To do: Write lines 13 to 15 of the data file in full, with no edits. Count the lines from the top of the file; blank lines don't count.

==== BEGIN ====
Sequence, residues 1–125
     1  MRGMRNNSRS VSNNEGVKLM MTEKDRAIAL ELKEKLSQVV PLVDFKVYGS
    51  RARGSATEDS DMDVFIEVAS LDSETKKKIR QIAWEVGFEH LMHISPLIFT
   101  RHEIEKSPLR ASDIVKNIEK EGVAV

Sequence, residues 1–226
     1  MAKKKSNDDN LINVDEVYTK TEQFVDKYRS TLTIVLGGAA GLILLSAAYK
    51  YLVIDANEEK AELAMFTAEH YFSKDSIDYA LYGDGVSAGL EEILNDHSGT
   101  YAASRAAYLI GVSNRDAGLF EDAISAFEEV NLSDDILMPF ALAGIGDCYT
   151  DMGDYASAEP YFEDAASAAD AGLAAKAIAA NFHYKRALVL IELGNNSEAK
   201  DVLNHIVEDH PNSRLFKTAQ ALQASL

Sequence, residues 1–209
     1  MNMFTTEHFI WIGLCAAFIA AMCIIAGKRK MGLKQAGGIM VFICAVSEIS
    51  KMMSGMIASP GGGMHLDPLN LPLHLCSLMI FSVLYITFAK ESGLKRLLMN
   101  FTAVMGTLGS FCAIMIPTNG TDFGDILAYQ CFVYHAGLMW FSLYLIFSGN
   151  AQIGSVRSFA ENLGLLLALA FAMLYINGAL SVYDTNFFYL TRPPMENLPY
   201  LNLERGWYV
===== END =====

    51  KMMSGMIASP GGGMHLDPLN LPLHLCSLMI FSVLYITFAK ESGLKRLLMN
   101  FTAVMGTLGS FCAIMIPTNG TDFGDILAYQ CFVYHAGLMW FSLYLIFSGN
   151  AQIGSVRSFA ENLGLLLALA FAMLYINGAL SVYDTNFFYL TRPPMENLPY